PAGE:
Steve Hely is a comedic writer from the USA. He has written for many great TV shows, and his TV writing and how he got into this was the focus of the first part of this talk. First up, Hely apologises to all those in the audience who thought this was about how to be a writer, and takes the blame for the odd title (it was meant to be named after his novel How I Became a Famous Novelist.’
I’ll admit I was struggling by this point of the day. I really ought to have had a coffee before going into this session, but due to a quick turn-around, that was too hard. My miasma of tiredness wasn’t helped by the in-crowd angle Toby Manhire took during part of this interview. I have been enjoying each of the USA writers’ views on Trump and American politics however, and I’d recommend going along to The State Of America at 12.30pm here at The Piano.
Hely’s writing credits include the David Letterman Show, American Dad, 30 Rock, and Veep. He has also published the title named earlier, plus travel book The Wonder Trail. He wanted to be a TV writer from very young, and deliberately went to Harvard (after some of his favourite writers) so he could work at the Harvard Lampoon magazine. After college, he pitched his writing to Letterman, didn’t hear anything for months, moved to LA in the meantime, then to New York when he got the job.
The writing process for Letterman: “You got there and were told what the pitch was for that day. You’d pick a topic then you’d write jokes for it, then write some skits for the opening set piece. You were in a box writing on your typewriter.” When he moved to comedy writing though, it became more collaborative – TV writers are aware that 1 + 1 = more than 2.The style of the writing room depends on the personality of the show-runner. “Sometimes they touch everything themselves, sometimes they delegate and let others deal with it.”
Hely was dubious about the idea of a US version of The Office, but by the time he came in as a writer it was through to its 7th season: there ended up being around 250 episodes of US The Office, compared to about 12 in the UK. In this writing group, writers were often transitioned to become actors, quite deliberately – to give them a sense of what they are doing.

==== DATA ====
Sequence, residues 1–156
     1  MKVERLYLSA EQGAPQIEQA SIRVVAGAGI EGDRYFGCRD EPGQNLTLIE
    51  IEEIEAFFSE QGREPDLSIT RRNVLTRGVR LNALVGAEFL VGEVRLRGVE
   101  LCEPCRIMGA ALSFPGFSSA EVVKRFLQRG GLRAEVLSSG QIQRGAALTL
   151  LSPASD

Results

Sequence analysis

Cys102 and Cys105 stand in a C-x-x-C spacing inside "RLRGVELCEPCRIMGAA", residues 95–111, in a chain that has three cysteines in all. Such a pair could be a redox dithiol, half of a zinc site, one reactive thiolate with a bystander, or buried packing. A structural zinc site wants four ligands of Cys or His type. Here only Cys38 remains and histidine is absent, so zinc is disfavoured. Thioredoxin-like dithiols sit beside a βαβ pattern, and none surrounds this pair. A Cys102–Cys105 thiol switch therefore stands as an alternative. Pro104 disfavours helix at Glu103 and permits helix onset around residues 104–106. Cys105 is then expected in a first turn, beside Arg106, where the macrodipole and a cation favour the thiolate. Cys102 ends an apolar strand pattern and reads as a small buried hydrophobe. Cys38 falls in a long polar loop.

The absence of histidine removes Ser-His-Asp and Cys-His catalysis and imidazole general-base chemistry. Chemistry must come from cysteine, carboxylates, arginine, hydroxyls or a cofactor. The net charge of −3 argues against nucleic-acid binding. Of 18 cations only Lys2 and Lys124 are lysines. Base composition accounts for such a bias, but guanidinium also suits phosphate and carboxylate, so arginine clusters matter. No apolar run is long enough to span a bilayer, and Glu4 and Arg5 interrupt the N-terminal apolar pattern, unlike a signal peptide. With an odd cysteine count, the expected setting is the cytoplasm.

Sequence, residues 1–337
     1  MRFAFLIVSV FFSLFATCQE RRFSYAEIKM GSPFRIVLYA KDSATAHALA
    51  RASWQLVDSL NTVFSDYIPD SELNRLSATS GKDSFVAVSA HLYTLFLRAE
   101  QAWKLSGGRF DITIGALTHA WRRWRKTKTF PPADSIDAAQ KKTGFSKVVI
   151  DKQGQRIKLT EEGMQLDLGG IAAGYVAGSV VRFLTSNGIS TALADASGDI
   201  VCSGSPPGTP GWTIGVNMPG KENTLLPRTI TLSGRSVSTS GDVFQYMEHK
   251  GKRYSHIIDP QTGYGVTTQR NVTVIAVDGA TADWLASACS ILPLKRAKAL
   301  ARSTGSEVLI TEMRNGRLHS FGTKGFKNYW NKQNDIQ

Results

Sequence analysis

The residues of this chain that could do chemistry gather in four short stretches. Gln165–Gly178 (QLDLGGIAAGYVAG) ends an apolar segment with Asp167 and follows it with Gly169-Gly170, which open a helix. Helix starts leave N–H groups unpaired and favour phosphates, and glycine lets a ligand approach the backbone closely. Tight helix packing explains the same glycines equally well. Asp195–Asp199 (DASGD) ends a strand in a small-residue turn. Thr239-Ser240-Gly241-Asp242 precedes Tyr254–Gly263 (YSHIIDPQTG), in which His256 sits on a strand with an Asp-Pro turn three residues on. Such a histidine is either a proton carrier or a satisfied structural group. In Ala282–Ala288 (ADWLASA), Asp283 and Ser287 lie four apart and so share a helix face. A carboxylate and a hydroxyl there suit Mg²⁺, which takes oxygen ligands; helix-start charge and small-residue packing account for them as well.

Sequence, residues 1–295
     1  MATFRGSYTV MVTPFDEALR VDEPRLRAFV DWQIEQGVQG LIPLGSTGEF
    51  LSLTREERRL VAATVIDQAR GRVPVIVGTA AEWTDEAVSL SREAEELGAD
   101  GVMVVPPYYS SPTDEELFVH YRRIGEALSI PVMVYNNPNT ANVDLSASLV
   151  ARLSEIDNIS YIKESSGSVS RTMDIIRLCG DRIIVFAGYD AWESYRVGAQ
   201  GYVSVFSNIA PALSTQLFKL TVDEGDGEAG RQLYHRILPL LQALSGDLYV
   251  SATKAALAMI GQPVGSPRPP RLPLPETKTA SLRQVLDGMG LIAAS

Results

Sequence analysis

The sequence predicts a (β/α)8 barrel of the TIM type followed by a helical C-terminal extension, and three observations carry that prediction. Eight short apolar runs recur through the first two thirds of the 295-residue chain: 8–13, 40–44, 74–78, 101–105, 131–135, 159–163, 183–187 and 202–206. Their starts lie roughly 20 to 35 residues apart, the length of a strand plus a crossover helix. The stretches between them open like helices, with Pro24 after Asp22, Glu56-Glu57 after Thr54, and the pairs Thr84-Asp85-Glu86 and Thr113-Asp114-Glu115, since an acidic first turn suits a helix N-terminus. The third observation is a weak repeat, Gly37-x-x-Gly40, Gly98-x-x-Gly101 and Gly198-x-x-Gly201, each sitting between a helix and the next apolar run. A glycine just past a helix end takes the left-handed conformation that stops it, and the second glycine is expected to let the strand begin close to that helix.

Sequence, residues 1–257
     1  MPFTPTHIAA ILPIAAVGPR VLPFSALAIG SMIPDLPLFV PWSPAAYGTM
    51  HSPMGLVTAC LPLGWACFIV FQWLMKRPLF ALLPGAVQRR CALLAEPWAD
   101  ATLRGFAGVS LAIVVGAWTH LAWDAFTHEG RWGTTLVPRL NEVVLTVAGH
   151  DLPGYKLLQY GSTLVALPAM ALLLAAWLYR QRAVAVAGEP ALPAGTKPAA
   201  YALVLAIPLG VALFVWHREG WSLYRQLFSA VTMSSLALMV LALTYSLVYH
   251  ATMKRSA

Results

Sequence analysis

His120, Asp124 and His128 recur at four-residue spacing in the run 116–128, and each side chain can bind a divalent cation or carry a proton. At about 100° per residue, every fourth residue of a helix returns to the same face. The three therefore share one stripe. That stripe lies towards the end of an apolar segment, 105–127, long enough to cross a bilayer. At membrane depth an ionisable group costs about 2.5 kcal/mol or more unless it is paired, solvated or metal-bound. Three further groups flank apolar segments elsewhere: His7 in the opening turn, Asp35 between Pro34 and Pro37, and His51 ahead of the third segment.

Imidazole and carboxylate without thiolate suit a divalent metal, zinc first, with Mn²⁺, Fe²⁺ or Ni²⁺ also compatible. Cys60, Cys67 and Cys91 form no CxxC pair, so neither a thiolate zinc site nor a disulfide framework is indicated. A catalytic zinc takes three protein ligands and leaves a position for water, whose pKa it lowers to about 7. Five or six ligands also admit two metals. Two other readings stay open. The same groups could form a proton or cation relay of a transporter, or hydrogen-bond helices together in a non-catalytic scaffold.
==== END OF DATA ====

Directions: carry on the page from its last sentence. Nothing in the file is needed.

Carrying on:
They moved on then to talk about his books. Hely says, “It is helpful as a writer to be able to split your personality into different characters.” One of the reasons he wanted to be a novelist was to be invited to literary festivals. The theme of How I became a famous novelist was how much you could get away with, when pretending to be a writer. “I wanted to explore the line between being genuine and being a poser.” Hely also wanted to explore the difference between mass-market and literary fiction – he is interested in who we give literary awards to, and why.
While on hiatus from TV writing, he took a trip around Central and South America. He had pitched this to publishers before leaving, and when he was part-way through his agent sold the book: so then he had to write it. “I like to break my routine by travelling, and talking to strangers, and working out a new country. New Zealand has a culture of this, but I have encountered a lot of Americans who have never considered travelling. “
Hely attended the Republican Convention: “It was so tin pot, cheap, dictatorial, fascist and I hated to see it in the United States. Donald Trump is barf – US got so disgusted with the political system that they threw Trump up. Those who weren’t part of the the machine threw this up.” The only funny part of it was when Ted Cruz – “another despicable individual” – refused to endorse Trump. But as soon as Trump started talking he thought “No. We need to shut this down.”
One of the audience members asked whether it was getting harder to write political satire, given Trump is doing this himself? “The fact satire is being outpaced by reality is a problem.” It is, he says, hard to make fun of this guy who changes his mind at every turn. “I don’t subscribe to the idea that comedy’s job is to change people’s minds. The real value of it is making you feel less insane. It’s helpful to make people understand they aren’t alone.”
Reviewed by Sarah Forster
Steve Hely is also at:
The State of America, Sun 28 Aug, 12.30pm